Lot 208
  • 208

Agus Triyanto BR

40,000 - 60,000 HKD
312,500 HKD
bidding is closed


  • Agus Triyanto BR
  • Savana dance
  • Signed and dated 2016; signed, titled, inscribed and dated 2016 on the reverse
  • Oil on canvas
  • 180 by 250 cm; 70 3/4  by 98 1/2  in.

Catalogue Note

Agus Triyanto BR, also known as Agus TBR, is breaking boundaries in Indonesian art, holding a mirror to the contemporary condition of the young nation. Born in East Java and based in Yogyakarta, Agus TBR studied at the Indonesia Institute of the Arts Yogyakarta (ISI) and has also lived and worked in Beijing. His works are explorations of a postcolonial urban epistemology, bringing forth time and space onto a single canvas to interrogate the psychological and temporal degradation of an urban existence, and positing spaces of hope in these landscapes.

Agus TBR is a chronicler of spatial-time, marking ethereal moments within a movement. On the bottom right of this canvas we see an arm frozen in mid-air, dismembered from the remainder of a man’s body, his expression is one of anguish. The white horse’s hind legs disappear into the torso of a man kneeling on the ground, the severance of time from space allowing the artist producing this fascinating chimeric composition.

The artist’s style leans towards the surrealistic, with meaning created in the contrasts between various objects. His sense of scale is contingent not upon realism but upon importance: the two armed men in the center of the composition are severely out of scale compared to the rest of the objects surrounding it. Each image is carefully chosen to evoke a mood: the carousel amid overgrown weeds in the background is nostalgic in its presentation, harkening back to a time of simple joys in life.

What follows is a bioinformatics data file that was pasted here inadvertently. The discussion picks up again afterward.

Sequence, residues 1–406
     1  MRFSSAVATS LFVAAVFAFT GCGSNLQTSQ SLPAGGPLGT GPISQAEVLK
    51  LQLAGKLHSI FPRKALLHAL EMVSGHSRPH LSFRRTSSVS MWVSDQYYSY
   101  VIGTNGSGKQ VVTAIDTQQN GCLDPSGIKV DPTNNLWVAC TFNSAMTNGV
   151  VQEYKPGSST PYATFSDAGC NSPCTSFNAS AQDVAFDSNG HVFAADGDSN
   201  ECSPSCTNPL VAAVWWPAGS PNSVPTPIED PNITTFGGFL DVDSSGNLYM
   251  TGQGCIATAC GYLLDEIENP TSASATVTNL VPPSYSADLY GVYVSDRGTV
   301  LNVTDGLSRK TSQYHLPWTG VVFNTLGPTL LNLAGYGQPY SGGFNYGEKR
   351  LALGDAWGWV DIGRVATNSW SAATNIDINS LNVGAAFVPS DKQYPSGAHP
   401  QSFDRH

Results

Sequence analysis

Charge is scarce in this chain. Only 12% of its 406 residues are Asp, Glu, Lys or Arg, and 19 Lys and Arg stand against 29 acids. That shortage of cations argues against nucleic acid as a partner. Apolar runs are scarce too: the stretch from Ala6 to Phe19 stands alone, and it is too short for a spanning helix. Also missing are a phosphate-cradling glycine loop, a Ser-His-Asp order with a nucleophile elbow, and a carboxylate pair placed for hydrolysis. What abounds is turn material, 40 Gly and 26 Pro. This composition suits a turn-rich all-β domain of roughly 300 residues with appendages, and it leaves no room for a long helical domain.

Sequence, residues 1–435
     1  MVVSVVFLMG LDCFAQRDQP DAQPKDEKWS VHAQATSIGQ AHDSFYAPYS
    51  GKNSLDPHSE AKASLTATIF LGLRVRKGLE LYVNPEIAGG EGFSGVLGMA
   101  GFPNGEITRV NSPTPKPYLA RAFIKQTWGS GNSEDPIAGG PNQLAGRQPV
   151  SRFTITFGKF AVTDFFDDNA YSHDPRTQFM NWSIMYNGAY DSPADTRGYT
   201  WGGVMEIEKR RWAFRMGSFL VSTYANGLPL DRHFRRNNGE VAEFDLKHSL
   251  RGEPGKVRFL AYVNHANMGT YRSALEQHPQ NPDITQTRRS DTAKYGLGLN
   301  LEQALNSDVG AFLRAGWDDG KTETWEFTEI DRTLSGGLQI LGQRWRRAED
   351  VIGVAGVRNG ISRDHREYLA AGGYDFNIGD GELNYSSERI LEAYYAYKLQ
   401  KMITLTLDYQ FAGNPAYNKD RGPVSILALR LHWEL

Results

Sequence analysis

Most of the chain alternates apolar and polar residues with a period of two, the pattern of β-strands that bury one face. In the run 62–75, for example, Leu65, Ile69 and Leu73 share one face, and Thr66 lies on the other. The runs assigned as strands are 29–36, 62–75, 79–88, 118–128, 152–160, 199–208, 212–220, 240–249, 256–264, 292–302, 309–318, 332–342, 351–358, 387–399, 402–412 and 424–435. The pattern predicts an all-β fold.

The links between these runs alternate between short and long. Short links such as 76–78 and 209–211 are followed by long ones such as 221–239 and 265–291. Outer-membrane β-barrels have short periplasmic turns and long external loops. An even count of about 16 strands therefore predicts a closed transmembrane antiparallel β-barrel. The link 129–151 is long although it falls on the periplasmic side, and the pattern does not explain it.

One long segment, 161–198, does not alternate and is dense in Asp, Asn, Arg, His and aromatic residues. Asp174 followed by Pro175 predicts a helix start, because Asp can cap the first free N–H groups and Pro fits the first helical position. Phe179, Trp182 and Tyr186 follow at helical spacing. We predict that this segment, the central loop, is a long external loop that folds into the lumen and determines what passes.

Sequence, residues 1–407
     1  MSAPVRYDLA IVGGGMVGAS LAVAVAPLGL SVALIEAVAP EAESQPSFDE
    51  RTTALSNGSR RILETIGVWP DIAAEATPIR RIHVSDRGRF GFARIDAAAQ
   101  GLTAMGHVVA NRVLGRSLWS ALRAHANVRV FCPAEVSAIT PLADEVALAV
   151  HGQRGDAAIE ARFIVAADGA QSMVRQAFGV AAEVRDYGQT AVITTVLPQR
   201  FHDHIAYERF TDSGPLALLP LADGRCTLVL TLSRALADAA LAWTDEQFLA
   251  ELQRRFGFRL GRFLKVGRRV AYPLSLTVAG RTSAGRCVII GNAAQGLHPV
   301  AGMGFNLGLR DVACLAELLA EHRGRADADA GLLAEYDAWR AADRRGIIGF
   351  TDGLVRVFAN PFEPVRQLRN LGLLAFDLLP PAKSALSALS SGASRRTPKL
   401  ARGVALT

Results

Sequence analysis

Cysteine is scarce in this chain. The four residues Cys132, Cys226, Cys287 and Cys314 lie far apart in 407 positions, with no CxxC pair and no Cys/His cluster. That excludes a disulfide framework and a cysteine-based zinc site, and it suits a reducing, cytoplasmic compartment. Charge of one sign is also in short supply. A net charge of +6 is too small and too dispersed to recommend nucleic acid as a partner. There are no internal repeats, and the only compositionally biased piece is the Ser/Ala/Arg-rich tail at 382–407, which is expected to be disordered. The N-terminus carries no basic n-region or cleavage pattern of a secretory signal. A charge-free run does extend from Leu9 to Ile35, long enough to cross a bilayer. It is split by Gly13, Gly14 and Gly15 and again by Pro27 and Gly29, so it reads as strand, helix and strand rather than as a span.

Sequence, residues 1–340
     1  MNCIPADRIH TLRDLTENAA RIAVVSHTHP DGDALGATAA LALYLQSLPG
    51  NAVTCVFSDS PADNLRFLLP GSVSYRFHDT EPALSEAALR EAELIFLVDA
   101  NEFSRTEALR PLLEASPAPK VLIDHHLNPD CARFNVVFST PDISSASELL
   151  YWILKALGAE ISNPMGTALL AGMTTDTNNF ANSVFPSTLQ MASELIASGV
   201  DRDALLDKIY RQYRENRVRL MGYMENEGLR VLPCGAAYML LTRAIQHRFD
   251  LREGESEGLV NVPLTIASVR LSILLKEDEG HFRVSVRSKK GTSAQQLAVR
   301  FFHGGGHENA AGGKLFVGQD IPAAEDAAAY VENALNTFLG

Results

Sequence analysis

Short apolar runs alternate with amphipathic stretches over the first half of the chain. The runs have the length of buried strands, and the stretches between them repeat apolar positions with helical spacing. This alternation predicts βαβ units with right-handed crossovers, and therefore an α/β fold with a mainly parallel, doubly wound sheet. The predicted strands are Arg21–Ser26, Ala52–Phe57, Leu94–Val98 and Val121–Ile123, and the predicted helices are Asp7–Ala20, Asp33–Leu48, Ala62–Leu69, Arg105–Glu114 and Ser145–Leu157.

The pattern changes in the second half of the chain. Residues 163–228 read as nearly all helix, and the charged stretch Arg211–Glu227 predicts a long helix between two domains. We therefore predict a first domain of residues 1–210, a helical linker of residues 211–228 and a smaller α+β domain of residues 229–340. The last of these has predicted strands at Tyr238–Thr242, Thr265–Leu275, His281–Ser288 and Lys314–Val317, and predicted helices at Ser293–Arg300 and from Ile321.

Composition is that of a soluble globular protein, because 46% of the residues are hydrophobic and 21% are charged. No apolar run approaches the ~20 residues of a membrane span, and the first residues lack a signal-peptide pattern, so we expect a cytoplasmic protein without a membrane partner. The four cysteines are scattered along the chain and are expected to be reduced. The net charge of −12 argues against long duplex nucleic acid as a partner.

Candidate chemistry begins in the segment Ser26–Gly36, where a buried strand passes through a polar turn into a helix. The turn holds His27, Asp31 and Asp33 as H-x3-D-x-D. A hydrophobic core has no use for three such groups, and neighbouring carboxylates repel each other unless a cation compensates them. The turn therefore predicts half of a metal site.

It is as if Agus TBR materializes the spatial-temporal “time lag”of which Homi Bhabha writes, deliberating the disjunctive site between those in power and those left in its influence and cleaves open the potential for postcolonial agency. He mulls upon realities brimming under the surface of our daily existence, but within that, calls for a redemptive hope carried by the innocent youths who carry the possibility of change.

Homi Bhaha, “Race, Time and the Revision of Modernity,” Atlas of Transformation. http://monumenttotransformation.org/atlas-of-transformation/html/r/revision-of-modernity/race-time-and-the-revision-of-modernity-homi-k-bhabha.html